Had Mary not attempted to see England united in faith, she would have been viewed as a weak and ineffective monarch - a concern already at the forefront as she ruled as England's first queen regnant. Her supporters expected her to punish heretics and would have been disappointed in her had she sat back and done nothing. In contrast, there was very little outcry regarding the punishments when they took place. The discontent that Mary did have to cope with was the public disapproval of her marriage to Philip of Spain. For those unused to being ruled by a woman, the fear of becoming one more piece of the Holy Roman Empire was very real.

Just as her brother, Edward VI, had been encouraged to lead the nation in faith and punish those who did not follow, Mary had an obligation to uphold holy laws. Protestants and Catholics did not disagree on a monarchs role, but on who were the heretics that should be punished. Mary is often accused of seeking revenge for the many wrongs that she had suffered before she became queen, but in reality she was doing her duty of putting the country's church affairs in order with the advice of an extensive and learned council.

Mary also did not immediately resort to the burning of heretics. For more than than the first year of her reign, her focus was on ensuring that the true faith was preached so that those who had grown up during her brother's reign had the opportunity to hear and learn. Beginning in 1555, those who continued to lead people away from Catholicism were given harsh punishments for their role in what many believed was the spreading of heresy which doomed people to eternal damnation. Those who refused to correct the error of their ways, served as examples for those they led astray.

When people were burned, it was believed that they were given a foretaste of hell that would be their last chance to repent and receive eternal life in heaven. In its way, this punishment was intended as a final effort to convert those believed lost to heresy. Had Mary simply allowed her subjects to live and die condemned for eternity, she would have been accused by her contemporaries of failing to do her duty, but we might not remember her today as 'Bloody Mary'.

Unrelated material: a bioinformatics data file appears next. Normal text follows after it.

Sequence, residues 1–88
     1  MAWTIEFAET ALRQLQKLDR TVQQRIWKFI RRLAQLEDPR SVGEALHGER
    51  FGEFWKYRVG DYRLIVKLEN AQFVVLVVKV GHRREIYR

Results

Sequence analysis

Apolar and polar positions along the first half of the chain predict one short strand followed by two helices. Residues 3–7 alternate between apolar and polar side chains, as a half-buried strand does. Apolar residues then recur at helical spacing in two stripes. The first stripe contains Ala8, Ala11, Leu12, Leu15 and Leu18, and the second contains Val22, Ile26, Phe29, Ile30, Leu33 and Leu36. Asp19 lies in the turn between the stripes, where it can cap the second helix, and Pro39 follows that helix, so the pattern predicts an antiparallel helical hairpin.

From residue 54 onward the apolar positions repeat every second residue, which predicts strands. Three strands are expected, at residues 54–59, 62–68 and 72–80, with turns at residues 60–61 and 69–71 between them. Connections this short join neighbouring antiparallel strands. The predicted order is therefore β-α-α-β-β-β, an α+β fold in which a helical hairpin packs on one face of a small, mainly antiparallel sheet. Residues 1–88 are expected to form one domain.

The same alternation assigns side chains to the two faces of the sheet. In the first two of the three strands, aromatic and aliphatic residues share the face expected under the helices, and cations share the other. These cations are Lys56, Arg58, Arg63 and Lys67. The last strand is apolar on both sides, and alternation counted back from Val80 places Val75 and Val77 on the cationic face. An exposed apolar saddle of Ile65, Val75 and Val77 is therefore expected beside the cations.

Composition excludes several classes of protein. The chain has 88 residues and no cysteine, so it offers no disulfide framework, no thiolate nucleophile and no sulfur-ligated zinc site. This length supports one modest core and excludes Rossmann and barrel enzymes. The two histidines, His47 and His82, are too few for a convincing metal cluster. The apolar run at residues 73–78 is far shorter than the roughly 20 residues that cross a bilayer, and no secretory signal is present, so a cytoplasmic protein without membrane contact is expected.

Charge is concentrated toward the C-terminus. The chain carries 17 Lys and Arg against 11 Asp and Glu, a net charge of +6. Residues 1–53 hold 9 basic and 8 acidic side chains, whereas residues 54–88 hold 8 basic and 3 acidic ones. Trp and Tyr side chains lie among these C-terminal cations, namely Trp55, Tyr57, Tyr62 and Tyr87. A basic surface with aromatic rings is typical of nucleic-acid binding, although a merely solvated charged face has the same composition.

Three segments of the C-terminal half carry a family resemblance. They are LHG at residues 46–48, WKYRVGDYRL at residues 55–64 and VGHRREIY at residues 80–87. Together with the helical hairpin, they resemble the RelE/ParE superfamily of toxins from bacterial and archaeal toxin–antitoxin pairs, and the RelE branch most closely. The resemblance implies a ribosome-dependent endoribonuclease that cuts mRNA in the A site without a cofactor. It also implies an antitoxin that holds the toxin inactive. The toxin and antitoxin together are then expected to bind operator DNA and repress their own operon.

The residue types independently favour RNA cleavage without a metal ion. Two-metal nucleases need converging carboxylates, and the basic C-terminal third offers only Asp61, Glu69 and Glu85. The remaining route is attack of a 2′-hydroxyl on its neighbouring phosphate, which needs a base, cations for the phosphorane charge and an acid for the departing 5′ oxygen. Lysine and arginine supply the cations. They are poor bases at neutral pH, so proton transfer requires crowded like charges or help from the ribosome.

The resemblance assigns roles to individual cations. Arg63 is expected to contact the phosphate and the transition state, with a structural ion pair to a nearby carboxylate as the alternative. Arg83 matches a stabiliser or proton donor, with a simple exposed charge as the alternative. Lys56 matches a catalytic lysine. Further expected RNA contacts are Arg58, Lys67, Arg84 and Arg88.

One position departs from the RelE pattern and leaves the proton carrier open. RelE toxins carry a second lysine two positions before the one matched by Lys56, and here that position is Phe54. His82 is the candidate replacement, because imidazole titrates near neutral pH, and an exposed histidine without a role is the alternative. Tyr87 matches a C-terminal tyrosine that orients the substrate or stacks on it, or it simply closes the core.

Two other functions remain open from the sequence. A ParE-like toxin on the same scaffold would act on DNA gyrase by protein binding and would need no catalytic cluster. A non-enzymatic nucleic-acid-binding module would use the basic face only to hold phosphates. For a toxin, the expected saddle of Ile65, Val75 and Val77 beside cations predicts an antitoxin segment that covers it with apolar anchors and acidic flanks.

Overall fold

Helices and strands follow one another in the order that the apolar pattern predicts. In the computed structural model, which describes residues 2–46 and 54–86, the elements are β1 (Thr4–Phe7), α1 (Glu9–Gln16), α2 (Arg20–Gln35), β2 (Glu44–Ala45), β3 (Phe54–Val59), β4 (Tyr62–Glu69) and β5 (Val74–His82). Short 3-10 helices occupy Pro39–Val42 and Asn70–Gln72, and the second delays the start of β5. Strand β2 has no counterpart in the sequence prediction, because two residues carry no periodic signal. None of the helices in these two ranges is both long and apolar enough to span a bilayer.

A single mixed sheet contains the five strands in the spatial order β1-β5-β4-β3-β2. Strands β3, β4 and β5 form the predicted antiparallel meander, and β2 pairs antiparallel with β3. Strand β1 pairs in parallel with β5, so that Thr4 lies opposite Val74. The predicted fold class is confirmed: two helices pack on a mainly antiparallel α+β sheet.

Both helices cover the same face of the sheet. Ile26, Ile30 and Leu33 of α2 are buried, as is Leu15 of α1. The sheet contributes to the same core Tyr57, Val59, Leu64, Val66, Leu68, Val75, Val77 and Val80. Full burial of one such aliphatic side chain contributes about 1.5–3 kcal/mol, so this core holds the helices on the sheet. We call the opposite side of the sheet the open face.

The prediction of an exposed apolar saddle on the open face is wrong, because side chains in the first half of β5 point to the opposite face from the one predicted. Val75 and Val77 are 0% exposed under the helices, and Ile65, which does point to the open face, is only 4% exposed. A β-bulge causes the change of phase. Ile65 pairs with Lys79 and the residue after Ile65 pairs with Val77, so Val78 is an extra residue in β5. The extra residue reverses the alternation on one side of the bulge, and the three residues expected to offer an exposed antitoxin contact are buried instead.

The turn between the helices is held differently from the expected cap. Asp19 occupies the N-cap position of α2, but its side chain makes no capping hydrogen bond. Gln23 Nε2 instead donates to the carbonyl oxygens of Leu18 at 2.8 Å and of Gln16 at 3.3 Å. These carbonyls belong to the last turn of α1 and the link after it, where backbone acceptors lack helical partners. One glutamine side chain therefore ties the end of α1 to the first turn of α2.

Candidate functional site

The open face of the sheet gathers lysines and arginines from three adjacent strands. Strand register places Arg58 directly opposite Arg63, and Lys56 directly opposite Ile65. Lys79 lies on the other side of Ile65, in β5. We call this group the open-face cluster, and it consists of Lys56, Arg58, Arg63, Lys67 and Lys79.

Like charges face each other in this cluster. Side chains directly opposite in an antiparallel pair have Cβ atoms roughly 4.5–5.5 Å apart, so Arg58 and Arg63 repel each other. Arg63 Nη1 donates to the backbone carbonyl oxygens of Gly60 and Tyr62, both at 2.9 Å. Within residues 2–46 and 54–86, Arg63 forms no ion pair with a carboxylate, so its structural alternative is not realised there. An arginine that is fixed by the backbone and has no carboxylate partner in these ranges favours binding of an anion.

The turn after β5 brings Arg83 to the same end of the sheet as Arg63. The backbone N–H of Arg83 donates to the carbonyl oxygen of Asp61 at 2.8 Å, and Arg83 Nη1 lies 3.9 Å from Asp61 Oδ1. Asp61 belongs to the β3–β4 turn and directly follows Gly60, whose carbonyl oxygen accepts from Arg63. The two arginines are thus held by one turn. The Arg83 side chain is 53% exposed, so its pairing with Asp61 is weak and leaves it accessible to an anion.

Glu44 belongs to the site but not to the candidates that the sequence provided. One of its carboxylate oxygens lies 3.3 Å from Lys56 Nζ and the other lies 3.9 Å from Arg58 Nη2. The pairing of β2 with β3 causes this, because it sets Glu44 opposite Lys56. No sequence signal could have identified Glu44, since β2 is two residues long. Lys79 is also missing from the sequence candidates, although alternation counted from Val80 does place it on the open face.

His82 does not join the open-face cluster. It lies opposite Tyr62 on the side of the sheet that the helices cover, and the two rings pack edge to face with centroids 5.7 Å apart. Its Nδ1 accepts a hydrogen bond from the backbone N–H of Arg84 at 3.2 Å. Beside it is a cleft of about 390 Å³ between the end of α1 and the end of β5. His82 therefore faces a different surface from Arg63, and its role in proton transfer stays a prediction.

18 August 2022 UPDATE: Due to an unreasonable number of nonproductive interactions on this post which I have had to delete, comments will no longer be open. I apologize to the majority of my readers who contribute to civil discourse. It is unfortunate that one person makes this no longer possible.

Wednesday, May 10, 2017

A Private Moment Between Henry and Elizabeth

Tony Riches is the author of the bestselling Tudor trilogy, covering the lives of Owen, Jasper, and Henry Tudor and the birth of the Tudor dynasty. He has been kind enough to offer my readers an excerpt from the most recent installment in the series, giving us a peek into the private lives of Henry and his wife, Elizabeth of York.

~ Samantha

Guest Post by Tony Riches

The final book in the best-selling historical fiction Tudor Trilogy, this is the story, based on actual events, of Henry Tudor, who changes the history of England forever.

Bosworth 1485: After victory against King Richard III, Henry Tudor becomes King of England. Rebels and pretenders plot to seize his throne. The barons resent his plans to curb their power and he wonders who he can trust. He hopes to unite Lancaster and York through marriage to the beautiful Elizabeth of York.

With help from his mother, Lady Margaret Beaufort, he learns to keep a fragile peace. He chooses a Spanish Princess, Catherine of Aragon, as a wife for his son Prince Arthur. His daughters will marry the King of Scotland and the son of the Emperor of Rome. It seems his prayers are answered, then disaster strikes and Henry must ensure the future of the Tudors.

April 1489
Reaching out with slender fingers, the latest gift from the King of Spain munched at the succulent grape as if it were an apple. Less than a foot high, with a long, thick tail, the monkey had brown fur except for a cap of black. It fixed Henry with a pleading stare and held out a hand for more.
He offered another grape, which it took and began to suck at the sweet juice. ‘Do you think it has too-knowing eyes?’ Henry smiled. ‘I feel it can read our thoughts.’